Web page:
The Best Investment Book I Read This Year

Okay, it is the only investment book I read this year, but I read it twice! And while I have never read another investment book, and so I have nothing to compare it to, but it is called The ONLY Investment Guide You’ll Ever Need and I am hoping it lives up to its name, because I certainly have no plans to read another one.

I recommend it to anyone who wants to learn a thing or two about a thing or two when it comes to the stock market and personal finance. It’s been around for over 30 years (and been updated many times!) and explains concepts like short-selling stock and annuities and why you shouldn’t invest in commodities (except lumber, apparently, since trees grow back) in terms that are both not condescending and easy for a person with no business or finance background to totally understand.

My favorite part of the book is well, one that it is genuinely hilarious in the most unexpected places (i.e., anywhere, in a book like this) and two, that a big part of the book is pointing out what you don’t need to know, or don’t need to waste your time learning about or keeping up with, unless you want to make the stock market a hobby or an obsession. It’s also about a lot more than investment — the whole first half is about ways to save money so that you have some money to invest in the first place.

I think part of why I love this book so much is that it was assigned to me to read under the most bizarre and wonderful circumstances. My friend’s dad is an independent investment adviser and writes a paid, monthly newsletter about Vanguard stocks. My friend is a writer who works in publishing and has no idea about any of that stuff, so he offered (cajoled?) to sit down with her and her best friend one Sunday afternoon and explain all the money basics they had missed out on learning about as English majors at a liberal arts college. I got a last-minute invitation, which meant spending a weekend cram-reading this book and trying to hide it in my lap on the subway.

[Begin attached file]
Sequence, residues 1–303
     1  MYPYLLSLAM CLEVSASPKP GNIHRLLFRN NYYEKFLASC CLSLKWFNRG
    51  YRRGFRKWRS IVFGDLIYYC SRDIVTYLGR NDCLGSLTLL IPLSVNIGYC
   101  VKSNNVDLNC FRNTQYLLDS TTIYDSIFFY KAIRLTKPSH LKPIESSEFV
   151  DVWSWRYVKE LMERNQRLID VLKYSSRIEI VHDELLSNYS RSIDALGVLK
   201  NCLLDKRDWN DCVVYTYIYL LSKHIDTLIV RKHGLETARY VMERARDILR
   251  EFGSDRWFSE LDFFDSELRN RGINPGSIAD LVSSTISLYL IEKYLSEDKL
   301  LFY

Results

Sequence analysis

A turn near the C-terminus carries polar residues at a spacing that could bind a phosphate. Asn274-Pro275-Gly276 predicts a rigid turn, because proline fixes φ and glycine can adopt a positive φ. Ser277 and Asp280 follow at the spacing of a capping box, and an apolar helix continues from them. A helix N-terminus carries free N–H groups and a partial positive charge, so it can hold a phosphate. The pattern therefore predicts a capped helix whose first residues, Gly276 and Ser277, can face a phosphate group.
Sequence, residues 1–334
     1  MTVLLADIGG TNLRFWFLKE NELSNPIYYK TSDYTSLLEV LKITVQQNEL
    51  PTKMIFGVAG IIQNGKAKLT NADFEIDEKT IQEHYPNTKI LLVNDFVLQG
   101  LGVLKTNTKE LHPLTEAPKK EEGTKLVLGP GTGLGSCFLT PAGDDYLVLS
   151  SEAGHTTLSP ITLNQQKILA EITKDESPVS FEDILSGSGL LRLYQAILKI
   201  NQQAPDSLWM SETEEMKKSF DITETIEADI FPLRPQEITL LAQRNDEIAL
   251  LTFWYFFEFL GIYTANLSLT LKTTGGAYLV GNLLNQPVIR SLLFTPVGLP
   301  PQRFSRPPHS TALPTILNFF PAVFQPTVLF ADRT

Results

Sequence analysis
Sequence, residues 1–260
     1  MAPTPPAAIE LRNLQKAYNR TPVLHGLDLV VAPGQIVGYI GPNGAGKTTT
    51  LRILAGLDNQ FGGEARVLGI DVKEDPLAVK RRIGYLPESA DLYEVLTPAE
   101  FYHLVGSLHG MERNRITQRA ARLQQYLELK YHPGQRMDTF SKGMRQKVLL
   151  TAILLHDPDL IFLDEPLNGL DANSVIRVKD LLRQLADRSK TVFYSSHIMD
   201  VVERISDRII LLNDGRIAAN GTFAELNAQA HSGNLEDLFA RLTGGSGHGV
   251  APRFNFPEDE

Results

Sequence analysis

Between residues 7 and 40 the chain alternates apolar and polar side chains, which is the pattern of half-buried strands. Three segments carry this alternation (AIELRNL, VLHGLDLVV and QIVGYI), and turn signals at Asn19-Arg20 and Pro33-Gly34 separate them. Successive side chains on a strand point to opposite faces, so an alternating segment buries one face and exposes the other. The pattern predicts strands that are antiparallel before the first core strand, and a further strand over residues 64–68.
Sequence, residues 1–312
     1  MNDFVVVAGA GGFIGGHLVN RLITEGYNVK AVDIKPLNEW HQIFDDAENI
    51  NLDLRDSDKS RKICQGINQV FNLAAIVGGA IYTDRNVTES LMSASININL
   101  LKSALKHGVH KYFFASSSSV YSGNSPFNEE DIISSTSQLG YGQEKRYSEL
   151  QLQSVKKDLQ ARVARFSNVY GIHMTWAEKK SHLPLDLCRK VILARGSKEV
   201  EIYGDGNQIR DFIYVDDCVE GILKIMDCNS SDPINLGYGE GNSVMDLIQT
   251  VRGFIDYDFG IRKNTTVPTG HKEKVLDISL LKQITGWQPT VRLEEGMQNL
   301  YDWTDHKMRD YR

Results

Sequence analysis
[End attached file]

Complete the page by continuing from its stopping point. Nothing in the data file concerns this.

This book honestly helped me wrap my head around a million things I had dismissed as not something a person like me needs to know about, and things I had pretended to know, or never bothered really trying to figure out beyond the abstract (like, say, BONDS).

So cut to the three of us women in a cab on the way to my friend’s childhood home, a Park Slope brownstone, where over bagels and lox we all got to know each other and talked about IRA’s and the benefits and downfalls of investing in real estate. This was all pretty foreign to my Southern gothic lower middle class English major self, but her family is warm and wonderful and my friend is hilarious and we joked our way through and felt a little thrill as we discussed all these far-off, grown-up, rich-ish person things. Eventually we went upstairs to her dad’s office and over peanut M&M’s and Diet Cokes he explained all the different kinds of bonds, and compound interest, and quizzed us on the spot. I choked so many times when he pointed to me and asked me something about a fixed interest rate. IT WAS AMAZING. And bizarre. But now I know!

It’s hard for me to imagine having a dad like this, or actually learning about any of this stuff in school, but it’s nice to know there are always other peoples’ parents, or books out there like this one, who will sit down with you and make you feel like it’s not too late to figure out just enough of this stuff to make informed decisions about your life and feel like a competent human. And for that, this year, I am grateful!

 

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5 Comments / Post A Comment

WayDownSouth (#3,431)

Well done. You’ve taken your first step into a larger world

garysixpack (#4,263)

Nice.

I’m a bit surprised the dad started educating his child(ren) so late. I took my 4-year old to see Planes in the Summer, and then we bought Disney stock together.

WayDownSouth (#3,431)

Indeed. Maybe the father had tried and the daughter wasn’t interested. Or maybe he wanted to shield her from the complexities of finances. In either case, though, she would have benefited by knowing these basics earlier in her life.

Still, better late than never. Hopefully the daughter will continue to want to learn.

garysixpack (#4,263)

@WayDownSouth
It’s especially surprising since the father is working in the financial industry. I don’t want my son to work in tech, but I’m still teaching him Logo and turtle graphics when he’s 6.

superinvestor (#5,726)

The best investment book I read this year would be Invest Your Way To Riches hands down! (ASIN: B00EBZHEWW)

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